Tuesday January 3, 2023
What a wonderful way to end the year for the CNH Tours team. We really do get a sense of fulfilment when receiving notes such as the one below.
Rebecca J. travelled with her 12 year-old daughter in August this year. They had originally booked for a trip set to depart in August 2020, but we all know what prevented them from travelling then...
Kelsey is the CNH Tours' senior associate - with 8 years of experience living and working in Galapagos. She knows what she's talking about. Kelsey first starting helping Rebecca plan her trip in early 2019... she stayed in touch with her throughout the COVID lockdowns. The trip was postponed once to August 2021, and then again for a final time to August 2022.
There were other kids on board - making for an ideal environment for both adults and children.
A Galapagos expedition cruise is a wonderful way to forge lasting memories and shared experiences, brining family and friends so much closer together.
This note comes very late, but I hope you can forgive the time it took me to distill the many words I have to describe our Galapagos trip into a few thoughtful lines.
This trip was the absolute highlight of our year, and it was 100% worth the wait. In fact, I'm glad we waited, because it gave my daughter time to grow and mature, and it allowed us to be grouped with the most wonderful travel companions - I could not have hand-picked better people. There were 7 kids between 10 and 17, and they formed a tight-knit group that got along so well. Melody was never bored or lonely and there were days when I hardly saw her because she made a great effort to board the other panga with her friends instead of me.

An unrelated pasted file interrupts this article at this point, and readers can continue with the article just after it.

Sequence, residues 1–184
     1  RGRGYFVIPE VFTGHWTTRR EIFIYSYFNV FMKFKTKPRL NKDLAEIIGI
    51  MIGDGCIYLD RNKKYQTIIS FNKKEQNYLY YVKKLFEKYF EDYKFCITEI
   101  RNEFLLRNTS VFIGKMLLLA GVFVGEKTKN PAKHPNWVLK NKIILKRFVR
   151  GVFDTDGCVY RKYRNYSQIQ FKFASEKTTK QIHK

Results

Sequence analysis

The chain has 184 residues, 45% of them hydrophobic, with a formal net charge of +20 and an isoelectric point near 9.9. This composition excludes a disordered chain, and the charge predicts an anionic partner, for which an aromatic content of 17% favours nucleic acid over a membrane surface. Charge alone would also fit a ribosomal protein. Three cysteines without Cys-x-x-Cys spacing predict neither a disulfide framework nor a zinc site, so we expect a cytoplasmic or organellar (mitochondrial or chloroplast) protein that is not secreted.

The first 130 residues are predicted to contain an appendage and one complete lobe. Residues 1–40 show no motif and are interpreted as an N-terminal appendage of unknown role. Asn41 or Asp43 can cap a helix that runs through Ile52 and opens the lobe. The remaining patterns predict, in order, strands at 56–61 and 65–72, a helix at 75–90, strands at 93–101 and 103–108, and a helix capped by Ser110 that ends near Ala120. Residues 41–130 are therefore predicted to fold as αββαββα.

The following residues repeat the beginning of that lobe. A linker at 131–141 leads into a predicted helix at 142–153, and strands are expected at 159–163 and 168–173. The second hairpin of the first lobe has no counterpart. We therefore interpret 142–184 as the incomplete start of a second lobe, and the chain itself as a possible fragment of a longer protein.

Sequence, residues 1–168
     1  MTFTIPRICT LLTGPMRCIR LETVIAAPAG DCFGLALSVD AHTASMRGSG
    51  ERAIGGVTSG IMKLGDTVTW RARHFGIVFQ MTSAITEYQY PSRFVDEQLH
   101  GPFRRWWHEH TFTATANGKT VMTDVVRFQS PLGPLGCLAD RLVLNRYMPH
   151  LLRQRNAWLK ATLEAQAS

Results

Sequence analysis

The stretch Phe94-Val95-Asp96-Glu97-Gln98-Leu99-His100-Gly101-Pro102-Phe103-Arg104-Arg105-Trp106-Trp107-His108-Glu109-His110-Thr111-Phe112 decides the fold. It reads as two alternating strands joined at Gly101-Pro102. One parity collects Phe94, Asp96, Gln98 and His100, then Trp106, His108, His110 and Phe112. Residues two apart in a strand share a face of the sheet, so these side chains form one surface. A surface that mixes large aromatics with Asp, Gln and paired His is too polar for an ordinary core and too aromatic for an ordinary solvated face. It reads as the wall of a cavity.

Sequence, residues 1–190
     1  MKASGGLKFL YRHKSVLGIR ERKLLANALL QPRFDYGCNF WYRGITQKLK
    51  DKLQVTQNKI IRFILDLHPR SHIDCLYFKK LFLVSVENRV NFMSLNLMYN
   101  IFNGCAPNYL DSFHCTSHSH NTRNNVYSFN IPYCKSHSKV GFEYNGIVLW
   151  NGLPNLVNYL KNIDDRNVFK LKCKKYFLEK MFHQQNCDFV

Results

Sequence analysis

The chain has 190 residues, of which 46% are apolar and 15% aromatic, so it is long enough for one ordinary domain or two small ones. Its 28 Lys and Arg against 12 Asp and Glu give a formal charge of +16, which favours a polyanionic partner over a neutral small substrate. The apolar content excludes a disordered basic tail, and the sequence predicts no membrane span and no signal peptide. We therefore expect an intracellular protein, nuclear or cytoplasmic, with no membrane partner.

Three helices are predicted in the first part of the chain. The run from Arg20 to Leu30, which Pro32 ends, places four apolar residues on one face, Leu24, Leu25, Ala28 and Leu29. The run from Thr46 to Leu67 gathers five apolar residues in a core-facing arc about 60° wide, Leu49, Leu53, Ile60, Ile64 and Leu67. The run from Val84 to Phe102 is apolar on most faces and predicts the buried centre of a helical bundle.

The adults were (to channel Jane Austen) most amiable and pleasant - One multigenerational family of 7, one young couple, one older couple, another single mom, and another pair of parents. We, as our guides encouraged, mixed up our seating arrangements with every meal and we all got to know each other so well.
Our guides, Fabricio and Pepe were the best we could have had. Of course they knew their stuff, but they worked well together and gave us a great experience. It was absolutely clear how important the Galapagos and the conservations efforts are to them. On top of that, they were both just interesting dudes to talk to. The crew and captain were friendly and capable - one of the chefs occasionally came ashore with us to assist our oldest shipmate - in his 80s - when there was rough terrain. Luis, our bartender and meal server, knew everybody's dietary restrictions and preferences from the first day and never made a mistake. It was amazing.
Lastly, I am thankful for your hard work in keeping our trip on track for 2 years and especially for your advice in choosing a ship. The Letty was perfect for us, and the entire staff was a joy to work with, end to end. Your frank and honest guidance gave me confidence that I was making the right decisions as we planned out what was truly the trip of a lifetime. Thank you so much. Happy New Year